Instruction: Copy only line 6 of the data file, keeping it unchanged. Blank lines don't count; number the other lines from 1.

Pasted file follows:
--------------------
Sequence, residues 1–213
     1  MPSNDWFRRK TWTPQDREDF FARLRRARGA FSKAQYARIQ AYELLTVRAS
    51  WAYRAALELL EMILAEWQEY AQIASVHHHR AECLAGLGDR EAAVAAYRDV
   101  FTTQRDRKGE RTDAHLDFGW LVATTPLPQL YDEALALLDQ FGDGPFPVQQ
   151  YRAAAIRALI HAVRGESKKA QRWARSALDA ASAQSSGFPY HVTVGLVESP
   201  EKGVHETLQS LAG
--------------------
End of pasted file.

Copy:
   201  EKGVHETLQS LAG